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Democrats Say They’ve Figured Out Exactly Why Trump Won The Election

We’ve all heard plenty of theories for why Donald Trump won the election: racism, sexism, xenophobia, and, well, Russia. And a number of arguments have more to do with why Hillary Clinton lost than anything Trump did to win.

But now the Democrats say their own data reveals specifically why Clinton lost—and it complicates any attempt to rationalize the bizarre results as a case of racist white men unleashed.

That’s because Democrats say the real reason the election went the way it did was because of the number of voters who cast their ballots for Barack Obama in 2008 and 2012 and switched their allegiance to Trump in 2016.

“We have to make sure we learn the right lesson from 2016, that we don’t just draw the lesson that makes us feel good at night, make us sleep well at night,” Democratic strategist Matt Canter said of the findings.

The report came on the eve of remarks by Clinton, who said she would have won the election if not for FBI Director James Comey revealing that she was under investigation by the agency over leaked emails from a private server she used while serving as secretary of state.

According to a report by McClatchy, the so-called “Obama-Trump voters” accounted for a two-thirds majority of the reasons Clinton ultimately lost the electoral college vote. McClatchy says several members of Clinton’s campaign team have reached a similar conclusion based on the same data.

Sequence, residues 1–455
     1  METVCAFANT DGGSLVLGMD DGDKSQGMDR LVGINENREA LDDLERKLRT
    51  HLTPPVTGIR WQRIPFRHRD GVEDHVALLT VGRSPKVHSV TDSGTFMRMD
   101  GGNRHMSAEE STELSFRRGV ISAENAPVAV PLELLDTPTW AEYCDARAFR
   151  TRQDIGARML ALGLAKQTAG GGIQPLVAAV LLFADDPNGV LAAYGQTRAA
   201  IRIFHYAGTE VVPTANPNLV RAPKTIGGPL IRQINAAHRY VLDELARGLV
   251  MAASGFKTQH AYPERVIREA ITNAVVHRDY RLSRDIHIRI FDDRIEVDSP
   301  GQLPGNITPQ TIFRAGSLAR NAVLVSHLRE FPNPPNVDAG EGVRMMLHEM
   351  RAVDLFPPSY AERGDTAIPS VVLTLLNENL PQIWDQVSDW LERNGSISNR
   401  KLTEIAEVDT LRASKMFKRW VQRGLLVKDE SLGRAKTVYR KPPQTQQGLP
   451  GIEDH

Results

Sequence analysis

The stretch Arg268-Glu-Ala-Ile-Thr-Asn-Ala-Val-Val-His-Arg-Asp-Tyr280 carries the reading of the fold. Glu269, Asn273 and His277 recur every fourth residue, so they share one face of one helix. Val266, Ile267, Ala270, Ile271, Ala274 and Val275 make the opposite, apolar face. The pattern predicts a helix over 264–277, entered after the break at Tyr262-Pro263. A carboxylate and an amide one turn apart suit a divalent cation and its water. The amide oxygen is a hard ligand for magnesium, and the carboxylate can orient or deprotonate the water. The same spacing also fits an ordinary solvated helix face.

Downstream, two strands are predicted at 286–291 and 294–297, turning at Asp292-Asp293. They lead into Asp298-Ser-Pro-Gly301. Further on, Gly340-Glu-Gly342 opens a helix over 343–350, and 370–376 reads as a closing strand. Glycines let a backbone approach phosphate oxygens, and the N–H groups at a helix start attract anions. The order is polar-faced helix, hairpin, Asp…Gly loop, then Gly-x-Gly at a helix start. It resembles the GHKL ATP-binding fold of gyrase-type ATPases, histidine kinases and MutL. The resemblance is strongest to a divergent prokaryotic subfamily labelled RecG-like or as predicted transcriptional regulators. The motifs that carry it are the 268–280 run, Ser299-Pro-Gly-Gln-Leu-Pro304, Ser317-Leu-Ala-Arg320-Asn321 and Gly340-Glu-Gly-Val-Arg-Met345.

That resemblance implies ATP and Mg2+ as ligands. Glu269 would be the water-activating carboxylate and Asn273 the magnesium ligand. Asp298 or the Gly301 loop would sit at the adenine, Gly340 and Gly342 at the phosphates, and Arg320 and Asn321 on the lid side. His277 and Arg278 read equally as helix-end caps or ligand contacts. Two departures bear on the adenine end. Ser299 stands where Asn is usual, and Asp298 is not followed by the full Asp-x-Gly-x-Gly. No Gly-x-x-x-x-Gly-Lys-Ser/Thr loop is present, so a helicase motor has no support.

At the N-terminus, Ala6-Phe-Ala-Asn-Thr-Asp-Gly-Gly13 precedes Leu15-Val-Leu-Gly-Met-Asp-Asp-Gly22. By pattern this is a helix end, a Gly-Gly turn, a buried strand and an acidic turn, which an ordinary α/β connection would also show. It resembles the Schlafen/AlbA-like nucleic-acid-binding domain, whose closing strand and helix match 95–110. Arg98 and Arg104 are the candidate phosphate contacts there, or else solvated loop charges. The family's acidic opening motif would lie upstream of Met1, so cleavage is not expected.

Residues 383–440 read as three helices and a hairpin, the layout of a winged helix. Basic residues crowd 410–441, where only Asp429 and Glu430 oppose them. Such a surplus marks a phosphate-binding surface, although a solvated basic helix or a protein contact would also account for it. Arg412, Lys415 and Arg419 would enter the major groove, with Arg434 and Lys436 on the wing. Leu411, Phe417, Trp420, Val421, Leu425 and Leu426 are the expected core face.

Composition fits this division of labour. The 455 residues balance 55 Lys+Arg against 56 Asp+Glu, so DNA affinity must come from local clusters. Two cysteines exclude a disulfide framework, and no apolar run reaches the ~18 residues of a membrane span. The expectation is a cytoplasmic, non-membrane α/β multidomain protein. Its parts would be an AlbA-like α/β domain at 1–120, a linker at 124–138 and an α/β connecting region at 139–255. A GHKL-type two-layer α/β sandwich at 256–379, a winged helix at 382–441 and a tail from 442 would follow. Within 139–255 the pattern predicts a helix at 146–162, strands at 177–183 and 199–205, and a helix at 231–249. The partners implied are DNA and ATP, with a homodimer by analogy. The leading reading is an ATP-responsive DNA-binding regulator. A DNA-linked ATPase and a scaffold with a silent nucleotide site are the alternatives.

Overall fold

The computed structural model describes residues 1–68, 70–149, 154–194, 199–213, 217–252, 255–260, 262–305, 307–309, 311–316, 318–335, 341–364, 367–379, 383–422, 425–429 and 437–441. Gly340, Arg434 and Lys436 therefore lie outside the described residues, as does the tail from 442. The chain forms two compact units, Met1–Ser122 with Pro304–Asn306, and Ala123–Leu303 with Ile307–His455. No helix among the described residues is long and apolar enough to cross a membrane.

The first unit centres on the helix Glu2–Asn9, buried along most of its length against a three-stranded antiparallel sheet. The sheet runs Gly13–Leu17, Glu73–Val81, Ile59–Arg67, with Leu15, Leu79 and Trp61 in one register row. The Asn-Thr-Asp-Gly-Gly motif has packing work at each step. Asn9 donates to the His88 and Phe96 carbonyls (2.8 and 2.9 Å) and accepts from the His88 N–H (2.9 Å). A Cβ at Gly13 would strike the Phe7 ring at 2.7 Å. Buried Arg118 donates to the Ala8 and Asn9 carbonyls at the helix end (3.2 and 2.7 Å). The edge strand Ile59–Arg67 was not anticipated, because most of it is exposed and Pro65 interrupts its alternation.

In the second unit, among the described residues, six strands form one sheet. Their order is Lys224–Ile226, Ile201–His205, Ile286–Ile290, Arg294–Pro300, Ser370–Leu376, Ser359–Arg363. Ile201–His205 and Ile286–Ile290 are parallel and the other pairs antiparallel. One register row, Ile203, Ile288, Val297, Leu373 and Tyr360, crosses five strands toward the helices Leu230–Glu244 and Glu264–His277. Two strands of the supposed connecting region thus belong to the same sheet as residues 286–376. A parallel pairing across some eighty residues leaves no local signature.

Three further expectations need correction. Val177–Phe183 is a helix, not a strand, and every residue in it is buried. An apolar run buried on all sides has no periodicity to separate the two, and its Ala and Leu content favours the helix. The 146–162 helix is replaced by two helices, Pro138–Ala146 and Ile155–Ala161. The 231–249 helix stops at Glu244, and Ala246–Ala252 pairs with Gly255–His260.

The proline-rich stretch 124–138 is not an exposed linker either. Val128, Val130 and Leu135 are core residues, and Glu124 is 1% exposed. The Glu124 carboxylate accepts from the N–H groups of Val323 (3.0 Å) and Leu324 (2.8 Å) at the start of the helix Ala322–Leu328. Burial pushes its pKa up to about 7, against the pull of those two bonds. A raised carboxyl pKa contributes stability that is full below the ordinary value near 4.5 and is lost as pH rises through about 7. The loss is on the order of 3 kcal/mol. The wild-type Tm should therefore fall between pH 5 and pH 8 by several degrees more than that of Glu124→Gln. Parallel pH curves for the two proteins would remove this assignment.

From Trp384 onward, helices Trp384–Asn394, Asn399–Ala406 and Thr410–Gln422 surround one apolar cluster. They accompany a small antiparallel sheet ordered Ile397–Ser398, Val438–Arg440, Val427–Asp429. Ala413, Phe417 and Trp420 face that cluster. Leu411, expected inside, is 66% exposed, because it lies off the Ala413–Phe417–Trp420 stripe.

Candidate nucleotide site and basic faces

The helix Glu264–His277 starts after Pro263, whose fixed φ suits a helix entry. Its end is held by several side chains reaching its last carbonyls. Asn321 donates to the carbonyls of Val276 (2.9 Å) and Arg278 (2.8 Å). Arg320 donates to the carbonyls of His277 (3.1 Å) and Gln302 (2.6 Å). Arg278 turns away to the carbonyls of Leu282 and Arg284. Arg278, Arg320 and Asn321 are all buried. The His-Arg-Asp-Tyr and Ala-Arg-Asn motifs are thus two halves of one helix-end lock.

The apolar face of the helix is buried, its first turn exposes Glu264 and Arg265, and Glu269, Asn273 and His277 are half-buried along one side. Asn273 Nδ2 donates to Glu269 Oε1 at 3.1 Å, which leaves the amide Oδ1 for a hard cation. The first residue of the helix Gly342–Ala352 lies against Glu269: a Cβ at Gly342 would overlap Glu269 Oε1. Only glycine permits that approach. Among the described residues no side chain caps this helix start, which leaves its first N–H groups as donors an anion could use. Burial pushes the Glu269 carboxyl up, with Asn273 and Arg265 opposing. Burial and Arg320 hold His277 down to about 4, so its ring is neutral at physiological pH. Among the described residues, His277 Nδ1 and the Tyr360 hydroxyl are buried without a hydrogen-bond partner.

Interesting for those thinking ahead to 2020 is that, according to Canter, turning out more of the Democratic base won’t be enough to sway the next election in their favor. Instead, the party will need to win over more moderate but conservative-leaning white, middle-class voters that helped Trump win swing states like Pennsylvania and Michigan.

“This idea that Democrats can somehow ignore this constituency and just turn out more of our voters, the math doesn’t work,” Canter said. “We have to do both.”

The good news is that Obama did well with these voters in two elections, meaning these voters are less ideological and more likely to vote for the candidate best aligned with their economic and personal interests.

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